Prison privatization has been a contentious issue in Florida—even costing one Florida Department of Corrections’ Secretary his job. But, after the latest DOC head made some candid remarks on the topic, could she now be backtracking?

The two criminal justice panels of the Florida Legislature are slated to meet Tuesday to take up a number of issues from the state’s troubled prison agency to a gun bill allowing guns on campus.

Newly appointed Florida Department of Corrections Secretary Julies Jones is expected to brief the Senate Criminal Justice Committee members about areas where the department is lacking and trying to improve.

As the Florida Legislature returns next week, a bipartisan duo of lawmakers could be looking at making some more changes on top of a new law overhauling Florida’s child welfare agency. It could include changes to the state’s abuse hotline, after the recent tragic death of a five-year-old girl whose father is accused of throwing her over a bridge.

“She was my world. I truly, truly loved her,” said a tearful Michele Jonchuck. “She was an angel. She loved school. She loved to crack jokes. She liked to be helpful to the other children at school.”

Swoope To Depart Enterprise Florida Next Month

Jan 15, 2015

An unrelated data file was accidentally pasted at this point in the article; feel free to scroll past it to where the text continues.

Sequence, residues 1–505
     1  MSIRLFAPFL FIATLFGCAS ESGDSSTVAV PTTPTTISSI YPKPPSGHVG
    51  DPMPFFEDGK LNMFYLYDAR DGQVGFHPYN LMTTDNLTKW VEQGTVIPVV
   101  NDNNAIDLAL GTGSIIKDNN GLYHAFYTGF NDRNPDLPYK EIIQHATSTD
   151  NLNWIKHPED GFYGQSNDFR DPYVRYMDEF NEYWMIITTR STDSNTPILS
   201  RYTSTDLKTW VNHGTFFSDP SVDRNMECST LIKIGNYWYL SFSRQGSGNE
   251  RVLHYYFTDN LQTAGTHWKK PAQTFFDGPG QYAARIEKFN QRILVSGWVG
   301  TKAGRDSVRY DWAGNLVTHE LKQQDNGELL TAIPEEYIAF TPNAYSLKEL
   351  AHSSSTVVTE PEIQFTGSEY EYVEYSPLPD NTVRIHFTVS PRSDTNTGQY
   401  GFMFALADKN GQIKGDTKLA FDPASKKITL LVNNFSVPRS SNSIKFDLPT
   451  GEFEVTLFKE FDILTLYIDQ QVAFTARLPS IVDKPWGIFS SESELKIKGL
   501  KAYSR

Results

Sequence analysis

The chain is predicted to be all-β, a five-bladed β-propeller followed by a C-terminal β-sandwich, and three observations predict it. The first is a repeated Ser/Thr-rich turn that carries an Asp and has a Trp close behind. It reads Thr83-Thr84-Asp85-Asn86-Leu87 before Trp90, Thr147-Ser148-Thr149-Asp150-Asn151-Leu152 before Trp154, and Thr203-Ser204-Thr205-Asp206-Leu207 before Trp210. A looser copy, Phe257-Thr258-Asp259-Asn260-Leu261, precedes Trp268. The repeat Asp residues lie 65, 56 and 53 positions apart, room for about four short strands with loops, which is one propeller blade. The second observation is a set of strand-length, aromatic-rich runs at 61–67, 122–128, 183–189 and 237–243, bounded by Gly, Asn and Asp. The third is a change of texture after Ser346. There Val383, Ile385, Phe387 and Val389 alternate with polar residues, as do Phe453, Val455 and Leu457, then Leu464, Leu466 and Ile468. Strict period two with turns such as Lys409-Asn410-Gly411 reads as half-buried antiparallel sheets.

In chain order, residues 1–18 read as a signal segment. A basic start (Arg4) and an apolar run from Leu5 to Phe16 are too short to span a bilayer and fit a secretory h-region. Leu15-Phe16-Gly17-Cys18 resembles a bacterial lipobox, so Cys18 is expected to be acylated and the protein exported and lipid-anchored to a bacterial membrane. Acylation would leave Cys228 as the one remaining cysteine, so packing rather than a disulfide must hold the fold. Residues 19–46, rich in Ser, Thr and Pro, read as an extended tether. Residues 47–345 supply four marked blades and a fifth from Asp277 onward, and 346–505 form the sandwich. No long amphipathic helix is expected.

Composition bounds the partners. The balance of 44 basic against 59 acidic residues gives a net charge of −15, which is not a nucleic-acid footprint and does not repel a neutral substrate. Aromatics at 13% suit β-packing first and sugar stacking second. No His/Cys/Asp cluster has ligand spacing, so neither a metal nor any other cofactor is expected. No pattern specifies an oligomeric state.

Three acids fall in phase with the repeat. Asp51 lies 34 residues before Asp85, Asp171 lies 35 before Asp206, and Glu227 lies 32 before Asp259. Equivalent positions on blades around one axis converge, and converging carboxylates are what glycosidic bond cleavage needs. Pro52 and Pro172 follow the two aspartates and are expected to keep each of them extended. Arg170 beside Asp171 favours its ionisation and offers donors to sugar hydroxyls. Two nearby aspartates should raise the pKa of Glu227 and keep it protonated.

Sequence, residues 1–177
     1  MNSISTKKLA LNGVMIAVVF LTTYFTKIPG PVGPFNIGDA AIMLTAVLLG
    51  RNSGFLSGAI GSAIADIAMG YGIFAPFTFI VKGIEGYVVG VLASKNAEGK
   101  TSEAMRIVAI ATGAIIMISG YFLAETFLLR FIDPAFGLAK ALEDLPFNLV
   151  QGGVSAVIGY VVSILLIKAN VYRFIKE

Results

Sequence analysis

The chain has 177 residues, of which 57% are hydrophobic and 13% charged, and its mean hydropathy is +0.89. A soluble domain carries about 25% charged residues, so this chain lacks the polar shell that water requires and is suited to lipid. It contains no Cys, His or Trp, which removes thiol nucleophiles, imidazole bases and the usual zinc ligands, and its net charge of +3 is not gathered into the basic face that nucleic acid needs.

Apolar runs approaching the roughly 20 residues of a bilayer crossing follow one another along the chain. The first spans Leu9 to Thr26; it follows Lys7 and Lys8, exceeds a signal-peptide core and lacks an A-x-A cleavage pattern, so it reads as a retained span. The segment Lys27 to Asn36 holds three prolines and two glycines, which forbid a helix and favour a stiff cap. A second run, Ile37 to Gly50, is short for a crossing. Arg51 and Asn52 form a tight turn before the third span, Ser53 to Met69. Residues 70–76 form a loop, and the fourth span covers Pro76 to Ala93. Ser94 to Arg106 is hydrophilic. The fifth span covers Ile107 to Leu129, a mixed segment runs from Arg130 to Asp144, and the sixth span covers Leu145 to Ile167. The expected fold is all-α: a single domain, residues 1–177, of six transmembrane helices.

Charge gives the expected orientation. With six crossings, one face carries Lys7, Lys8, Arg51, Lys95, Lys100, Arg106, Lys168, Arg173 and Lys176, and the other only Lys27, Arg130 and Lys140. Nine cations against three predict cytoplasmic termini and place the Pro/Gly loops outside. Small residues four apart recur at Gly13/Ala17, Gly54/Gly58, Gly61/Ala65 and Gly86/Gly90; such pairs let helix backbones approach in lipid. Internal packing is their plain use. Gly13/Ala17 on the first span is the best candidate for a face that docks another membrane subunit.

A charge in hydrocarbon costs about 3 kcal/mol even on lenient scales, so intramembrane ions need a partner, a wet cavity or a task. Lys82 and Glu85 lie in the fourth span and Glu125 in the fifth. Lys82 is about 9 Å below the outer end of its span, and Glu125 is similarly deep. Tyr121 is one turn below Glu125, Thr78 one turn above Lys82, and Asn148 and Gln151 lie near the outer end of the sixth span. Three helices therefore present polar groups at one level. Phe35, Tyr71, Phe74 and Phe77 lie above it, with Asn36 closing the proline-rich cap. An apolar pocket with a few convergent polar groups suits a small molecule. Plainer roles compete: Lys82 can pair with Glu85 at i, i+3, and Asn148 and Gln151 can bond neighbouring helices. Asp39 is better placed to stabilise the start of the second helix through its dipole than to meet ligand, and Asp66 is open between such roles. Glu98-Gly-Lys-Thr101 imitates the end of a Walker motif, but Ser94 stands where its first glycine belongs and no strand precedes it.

Florida’s top jobs recruiter is stepping down from his post.

At the end of February, Gray Swoope will resign.  He’s the state’s Secretary of Commerce as well as the head of Enterprise Florida, the state’s lead economic development agency.

Swoope was one of the few top officials who served during Governor Rick Scott’s entire first term.

In a statement following Swoope’s announced departure, Scott hailed Swoope for creating “a jobs legacy” and for making “major economic deals” happen for the state.

Florida’s Agriculture Commissioner is asking for close to $20 million in this year’s budget to combat citrus greening. This comes as the most recent forecast is showing a further citrus crop decline.

Following Tuesday’s Cabinet meeting,  says citrus growers have it hard.

“We’re in the fight for the industry’s life,” said State Ag Commissioner Adam Putnam, following Tuesday's Cabinet meeting. “Florida’s signature crop continues to decline, continues to feel the effects as a result of the spread of citrus greening.”